Computer Science
  • Linear Types for Manipulating Expressions in the Lambda Calculus

    by Vanessa McHale | Computer Science

    If we wish to preserve global uniqueness of names during \(\beta\)-reduction, we have to \(\alpha\)-rename before each substitution. Consider:

  • Linear Effects Handling

    by Vanessa McHale | Computer Science

    Haskell puts all side effects in the IO monad, which passes around the RealWorld. This is unsatisfactory for a number of reasons, and Haskellers have spilled much ink on effects systems. As I recently noted, there are distinctions in how one handles effects at the logical level: in particular, randomness is different from array writes.

  • C Converges to Intuitionistic Logic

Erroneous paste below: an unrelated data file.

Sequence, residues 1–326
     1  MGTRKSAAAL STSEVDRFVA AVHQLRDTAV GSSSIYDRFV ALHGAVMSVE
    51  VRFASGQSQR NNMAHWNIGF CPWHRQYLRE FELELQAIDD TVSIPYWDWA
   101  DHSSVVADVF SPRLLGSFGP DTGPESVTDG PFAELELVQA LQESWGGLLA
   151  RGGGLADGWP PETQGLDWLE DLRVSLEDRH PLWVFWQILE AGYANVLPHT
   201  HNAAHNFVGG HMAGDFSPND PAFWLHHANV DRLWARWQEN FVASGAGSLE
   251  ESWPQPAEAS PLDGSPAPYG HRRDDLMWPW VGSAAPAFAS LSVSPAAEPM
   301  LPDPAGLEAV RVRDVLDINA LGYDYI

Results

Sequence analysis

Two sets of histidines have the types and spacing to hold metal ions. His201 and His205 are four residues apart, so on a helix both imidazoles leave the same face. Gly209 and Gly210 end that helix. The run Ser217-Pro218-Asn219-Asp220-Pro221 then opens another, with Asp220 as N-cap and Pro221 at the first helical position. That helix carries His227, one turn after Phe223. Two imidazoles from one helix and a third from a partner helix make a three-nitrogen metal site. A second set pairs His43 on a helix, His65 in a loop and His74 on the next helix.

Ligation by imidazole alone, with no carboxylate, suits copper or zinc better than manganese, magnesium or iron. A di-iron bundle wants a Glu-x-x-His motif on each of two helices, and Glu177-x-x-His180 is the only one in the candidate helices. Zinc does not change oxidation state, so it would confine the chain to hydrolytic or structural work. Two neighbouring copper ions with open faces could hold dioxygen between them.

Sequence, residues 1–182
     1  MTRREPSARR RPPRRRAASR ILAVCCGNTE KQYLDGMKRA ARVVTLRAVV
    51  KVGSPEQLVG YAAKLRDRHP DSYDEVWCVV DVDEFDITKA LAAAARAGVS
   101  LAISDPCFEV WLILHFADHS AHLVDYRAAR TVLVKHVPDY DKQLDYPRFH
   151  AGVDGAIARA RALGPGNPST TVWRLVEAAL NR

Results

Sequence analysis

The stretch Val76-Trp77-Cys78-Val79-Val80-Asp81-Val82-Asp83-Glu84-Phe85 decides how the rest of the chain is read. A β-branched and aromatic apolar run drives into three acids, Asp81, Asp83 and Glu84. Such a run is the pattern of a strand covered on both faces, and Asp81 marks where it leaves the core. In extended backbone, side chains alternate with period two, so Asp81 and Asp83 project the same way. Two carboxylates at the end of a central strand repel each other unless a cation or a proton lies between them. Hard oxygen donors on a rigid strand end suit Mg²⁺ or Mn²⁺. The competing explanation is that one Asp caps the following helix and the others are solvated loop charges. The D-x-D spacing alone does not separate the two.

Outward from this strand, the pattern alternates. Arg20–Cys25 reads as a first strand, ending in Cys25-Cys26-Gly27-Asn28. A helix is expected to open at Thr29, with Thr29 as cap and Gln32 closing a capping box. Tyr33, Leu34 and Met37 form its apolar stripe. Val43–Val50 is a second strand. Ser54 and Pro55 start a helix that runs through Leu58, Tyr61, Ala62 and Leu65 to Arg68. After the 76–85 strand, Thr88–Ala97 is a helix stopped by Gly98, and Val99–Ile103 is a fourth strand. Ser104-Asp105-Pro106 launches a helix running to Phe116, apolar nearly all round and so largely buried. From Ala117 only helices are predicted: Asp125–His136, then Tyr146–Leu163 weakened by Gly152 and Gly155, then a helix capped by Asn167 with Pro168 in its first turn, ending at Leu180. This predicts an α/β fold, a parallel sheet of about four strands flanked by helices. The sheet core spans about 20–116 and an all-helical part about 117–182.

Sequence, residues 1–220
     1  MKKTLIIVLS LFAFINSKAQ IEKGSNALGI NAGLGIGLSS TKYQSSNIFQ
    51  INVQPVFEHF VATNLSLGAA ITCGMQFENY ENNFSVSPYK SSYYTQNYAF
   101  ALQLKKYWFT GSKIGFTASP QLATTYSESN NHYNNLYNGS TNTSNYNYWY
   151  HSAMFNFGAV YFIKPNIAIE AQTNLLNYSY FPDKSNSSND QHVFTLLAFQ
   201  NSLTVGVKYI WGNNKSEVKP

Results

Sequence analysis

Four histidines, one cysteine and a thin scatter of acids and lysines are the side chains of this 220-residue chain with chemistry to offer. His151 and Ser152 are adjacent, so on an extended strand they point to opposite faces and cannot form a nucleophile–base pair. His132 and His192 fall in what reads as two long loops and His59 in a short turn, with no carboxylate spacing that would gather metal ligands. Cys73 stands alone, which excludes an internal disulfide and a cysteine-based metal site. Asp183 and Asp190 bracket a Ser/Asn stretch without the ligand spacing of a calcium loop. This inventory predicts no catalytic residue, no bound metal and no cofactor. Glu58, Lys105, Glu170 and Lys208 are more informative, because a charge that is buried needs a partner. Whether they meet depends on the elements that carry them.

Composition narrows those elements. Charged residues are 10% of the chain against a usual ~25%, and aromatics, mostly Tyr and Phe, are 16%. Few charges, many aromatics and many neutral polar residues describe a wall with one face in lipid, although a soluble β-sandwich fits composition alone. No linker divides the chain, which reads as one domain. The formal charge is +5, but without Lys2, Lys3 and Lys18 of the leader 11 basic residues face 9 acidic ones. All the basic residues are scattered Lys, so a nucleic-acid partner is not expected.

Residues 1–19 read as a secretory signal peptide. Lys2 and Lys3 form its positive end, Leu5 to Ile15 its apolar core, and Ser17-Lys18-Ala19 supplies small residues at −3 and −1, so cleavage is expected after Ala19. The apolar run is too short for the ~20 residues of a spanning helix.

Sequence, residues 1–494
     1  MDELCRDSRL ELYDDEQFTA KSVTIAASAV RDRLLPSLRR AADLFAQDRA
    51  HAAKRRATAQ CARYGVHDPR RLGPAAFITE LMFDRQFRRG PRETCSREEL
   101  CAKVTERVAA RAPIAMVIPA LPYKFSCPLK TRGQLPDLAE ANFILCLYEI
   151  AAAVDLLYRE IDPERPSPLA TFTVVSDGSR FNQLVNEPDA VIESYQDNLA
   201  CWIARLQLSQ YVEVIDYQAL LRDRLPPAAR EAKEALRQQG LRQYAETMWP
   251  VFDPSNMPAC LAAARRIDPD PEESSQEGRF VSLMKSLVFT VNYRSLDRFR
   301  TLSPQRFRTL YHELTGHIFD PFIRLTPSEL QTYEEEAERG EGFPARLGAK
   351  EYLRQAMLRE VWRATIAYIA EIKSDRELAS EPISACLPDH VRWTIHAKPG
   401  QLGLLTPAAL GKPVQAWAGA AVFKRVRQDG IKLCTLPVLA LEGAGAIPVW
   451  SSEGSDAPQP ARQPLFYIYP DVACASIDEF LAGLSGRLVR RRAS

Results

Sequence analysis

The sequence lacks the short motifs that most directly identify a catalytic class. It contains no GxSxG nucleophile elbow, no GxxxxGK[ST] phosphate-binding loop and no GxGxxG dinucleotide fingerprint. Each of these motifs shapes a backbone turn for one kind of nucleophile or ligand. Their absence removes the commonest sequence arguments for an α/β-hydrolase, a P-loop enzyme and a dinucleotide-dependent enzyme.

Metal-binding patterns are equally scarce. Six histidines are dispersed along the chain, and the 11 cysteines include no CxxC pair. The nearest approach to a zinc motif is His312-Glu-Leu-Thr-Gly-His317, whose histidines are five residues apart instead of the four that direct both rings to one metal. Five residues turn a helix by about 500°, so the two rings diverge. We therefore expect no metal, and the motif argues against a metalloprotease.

by Vanessa McHale | Computer Science

    C has a reputation for being a "hacker" language, in contrast to say Haskell, which is abstract with ties to logic and category theory. There is even the quip "C is a portable assembler".

  • Logic Programming Doesn't Work in the Real World

    by Vanessa McHale | Computer Science

    Logic programming fails for many reasons; interestingly it fails to integrate with imperative programming or export its constructs. Haskell's monadic I/O—explicitly passing a RealWorld—offers a nice demonstration.

  • The Moral Imperative to Type Imperative Languages With Linear Logic

    by Vanessa McHale | Computer Science

    "Linear Types can change the world." Lafont has shown us how to create a linear abstract machine. Yet the moral imperative to use linear types in computer science is not widely appreciated.